A government shared services scheme that officials hoped would save £400 million (US$490 million) per year ended up costing taxpayers £4 million, a parliamentary spending watchdog has revealed.
The Commons Public Accounts Committee (PAC) urged ministers involved with the program to improve leadership and governance, arguing it was too easy for departments to opt-out of the scheme “to protect their own interests” and that the Cabinet Office had failed to persuade Whitehall agencies and departments to adopt the project.
“The Cabinet Office was ineffectual in managing this risk because of its inability to force departments to take crucial decisions and an unwillingness to hold the suppliers to account as delays arose,” the cross-party committee said.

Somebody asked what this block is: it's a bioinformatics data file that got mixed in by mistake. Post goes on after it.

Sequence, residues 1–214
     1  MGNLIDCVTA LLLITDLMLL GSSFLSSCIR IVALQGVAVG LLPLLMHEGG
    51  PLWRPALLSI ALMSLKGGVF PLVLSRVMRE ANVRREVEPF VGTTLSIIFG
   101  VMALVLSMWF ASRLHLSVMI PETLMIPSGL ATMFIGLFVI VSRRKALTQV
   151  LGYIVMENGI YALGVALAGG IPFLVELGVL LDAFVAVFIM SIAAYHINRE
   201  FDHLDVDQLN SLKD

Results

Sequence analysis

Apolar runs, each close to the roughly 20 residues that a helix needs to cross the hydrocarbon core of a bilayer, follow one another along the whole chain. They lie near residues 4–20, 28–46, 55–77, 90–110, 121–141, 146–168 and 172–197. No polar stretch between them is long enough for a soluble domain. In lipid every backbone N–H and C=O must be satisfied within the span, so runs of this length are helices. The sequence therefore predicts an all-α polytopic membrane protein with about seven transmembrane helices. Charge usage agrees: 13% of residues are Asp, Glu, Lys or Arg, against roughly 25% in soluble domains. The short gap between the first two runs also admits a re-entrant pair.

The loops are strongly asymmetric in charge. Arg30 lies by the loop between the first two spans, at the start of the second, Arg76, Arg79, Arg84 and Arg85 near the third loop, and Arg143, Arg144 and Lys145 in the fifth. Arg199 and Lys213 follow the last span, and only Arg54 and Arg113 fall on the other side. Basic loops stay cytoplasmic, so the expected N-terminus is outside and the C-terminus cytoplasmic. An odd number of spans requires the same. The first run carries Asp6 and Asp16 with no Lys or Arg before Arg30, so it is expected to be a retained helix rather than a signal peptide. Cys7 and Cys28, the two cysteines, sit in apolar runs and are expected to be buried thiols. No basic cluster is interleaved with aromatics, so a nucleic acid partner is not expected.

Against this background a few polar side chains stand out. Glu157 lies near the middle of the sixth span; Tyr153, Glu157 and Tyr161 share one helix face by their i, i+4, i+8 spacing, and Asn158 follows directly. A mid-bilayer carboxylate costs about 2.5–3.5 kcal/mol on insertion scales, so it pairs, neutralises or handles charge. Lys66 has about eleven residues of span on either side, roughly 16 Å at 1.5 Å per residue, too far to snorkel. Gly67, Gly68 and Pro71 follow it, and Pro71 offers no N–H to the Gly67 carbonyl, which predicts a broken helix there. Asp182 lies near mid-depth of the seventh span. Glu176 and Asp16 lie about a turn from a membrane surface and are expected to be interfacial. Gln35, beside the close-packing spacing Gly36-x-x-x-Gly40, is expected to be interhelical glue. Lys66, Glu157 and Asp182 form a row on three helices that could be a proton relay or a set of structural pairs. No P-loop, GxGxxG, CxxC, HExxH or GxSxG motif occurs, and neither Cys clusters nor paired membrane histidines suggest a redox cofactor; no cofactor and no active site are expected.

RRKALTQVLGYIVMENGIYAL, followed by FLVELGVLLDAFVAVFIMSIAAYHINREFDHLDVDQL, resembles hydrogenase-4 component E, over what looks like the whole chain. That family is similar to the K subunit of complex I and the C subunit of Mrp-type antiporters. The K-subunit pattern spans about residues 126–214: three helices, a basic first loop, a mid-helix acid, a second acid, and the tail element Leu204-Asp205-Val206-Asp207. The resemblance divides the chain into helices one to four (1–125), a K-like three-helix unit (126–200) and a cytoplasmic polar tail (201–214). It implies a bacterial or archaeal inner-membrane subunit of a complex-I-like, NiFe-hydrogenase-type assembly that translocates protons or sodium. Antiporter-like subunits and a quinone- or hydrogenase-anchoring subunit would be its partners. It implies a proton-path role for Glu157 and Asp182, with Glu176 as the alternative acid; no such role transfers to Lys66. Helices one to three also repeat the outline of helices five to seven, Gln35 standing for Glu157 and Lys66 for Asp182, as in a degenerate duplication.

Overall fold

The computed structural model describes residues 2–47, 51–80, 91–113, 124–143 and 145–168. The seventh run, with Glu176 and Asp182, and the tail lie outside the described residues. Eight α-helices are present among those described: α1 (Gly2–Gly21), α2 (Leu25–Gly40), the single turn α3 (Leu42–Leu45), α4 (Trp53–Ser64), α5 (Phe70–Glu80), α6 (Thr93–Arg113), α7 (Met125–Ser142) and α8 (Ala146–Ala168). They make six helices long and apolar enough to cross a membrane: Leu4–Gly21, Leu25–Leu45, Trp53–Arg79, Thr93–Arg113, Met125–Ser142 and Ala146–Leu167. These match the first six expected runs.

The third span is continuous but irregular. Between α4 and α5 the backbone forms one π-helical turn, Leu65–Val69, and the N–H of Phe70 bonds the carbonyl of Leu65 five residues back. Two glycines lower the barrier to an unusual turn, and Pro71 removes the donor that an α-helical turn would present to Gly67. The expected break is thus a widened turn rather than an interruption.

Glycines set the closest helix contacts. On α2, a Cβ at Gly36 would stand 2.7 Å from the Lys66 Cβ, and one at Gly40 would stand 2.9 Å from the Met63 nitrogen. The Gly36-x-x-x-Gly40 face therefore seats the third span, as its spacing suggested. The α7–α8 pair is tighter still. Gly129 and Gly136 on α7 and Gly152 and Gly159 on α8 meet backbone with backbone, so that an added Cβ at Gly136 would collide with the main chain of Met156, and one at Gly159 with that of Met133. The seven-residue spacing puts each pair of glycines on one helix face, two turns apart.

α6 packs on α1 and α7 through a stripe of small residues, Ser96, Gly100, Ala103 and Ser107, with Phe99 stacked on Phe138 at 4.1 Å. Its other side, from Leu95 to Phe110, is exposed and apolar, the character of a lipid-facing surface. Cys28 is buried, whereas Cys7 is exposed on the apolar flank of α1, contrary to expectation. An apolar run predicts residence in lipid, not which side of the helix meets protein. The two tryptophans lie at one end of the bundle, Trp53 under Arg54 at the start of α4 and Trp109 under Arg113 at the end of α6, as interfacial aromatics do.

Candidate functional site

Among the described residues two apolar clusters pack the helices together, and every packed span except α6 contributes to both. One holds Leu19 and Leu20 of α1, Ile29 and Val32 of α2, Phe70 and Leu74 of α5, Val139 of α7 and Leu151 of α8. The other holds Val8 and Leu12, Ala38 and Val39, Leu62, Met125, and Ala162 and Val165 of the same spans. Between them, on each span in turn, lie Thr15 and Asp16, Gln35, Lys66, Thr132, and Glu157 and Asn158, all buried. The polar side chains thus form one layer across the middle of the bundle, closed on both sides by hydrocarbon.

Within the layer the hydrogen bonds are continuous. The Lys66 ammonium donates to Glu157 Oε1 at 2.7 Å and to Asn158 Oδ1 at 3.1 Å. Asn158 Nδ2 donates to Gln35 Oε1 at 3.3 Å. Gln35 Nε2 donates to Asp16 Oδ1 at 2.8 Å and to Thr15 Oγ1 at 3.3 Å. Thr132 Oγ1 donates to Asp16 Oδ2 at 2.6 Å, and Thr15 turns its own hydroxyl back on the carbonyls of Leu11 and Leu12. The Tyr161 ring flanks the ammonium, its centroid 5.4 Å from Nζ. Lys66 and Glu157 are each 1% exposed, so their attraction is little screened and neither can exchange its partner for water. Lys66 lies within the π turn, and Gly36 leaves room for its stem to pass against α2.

The plan involved outsourcing a host of back office functions, including human resources, payroll and accounts services from 26 organizations to two shared service centers and introducing a single operating platform.
“The government set out to save money with this program but it launched with critical flaws Whitehall then failed to address,” said Meg Hillier, the Labour chairwoman of the PAC.
“Each department was able to request multiple changes which led to big cost increases.
“The result has been a net cost to taxpayers and a significant scaling back of ambition for the savings likely to be achieved in the years ahead.”
After two and a half years in operation the scheme had saved just £90 million, less than the £94 million estimated total investment costs of the program, the PAC found in its damning report.
By April 2016, just two of the 26 organizations had adopted the single operating platform.
A spokesperson for the Cabinet Office defended the program and claimed officials are working to address “the challenges involved in cross-government business transformation.”
The spokesperson added officials predict the scheme will save £500 million by 2023/24.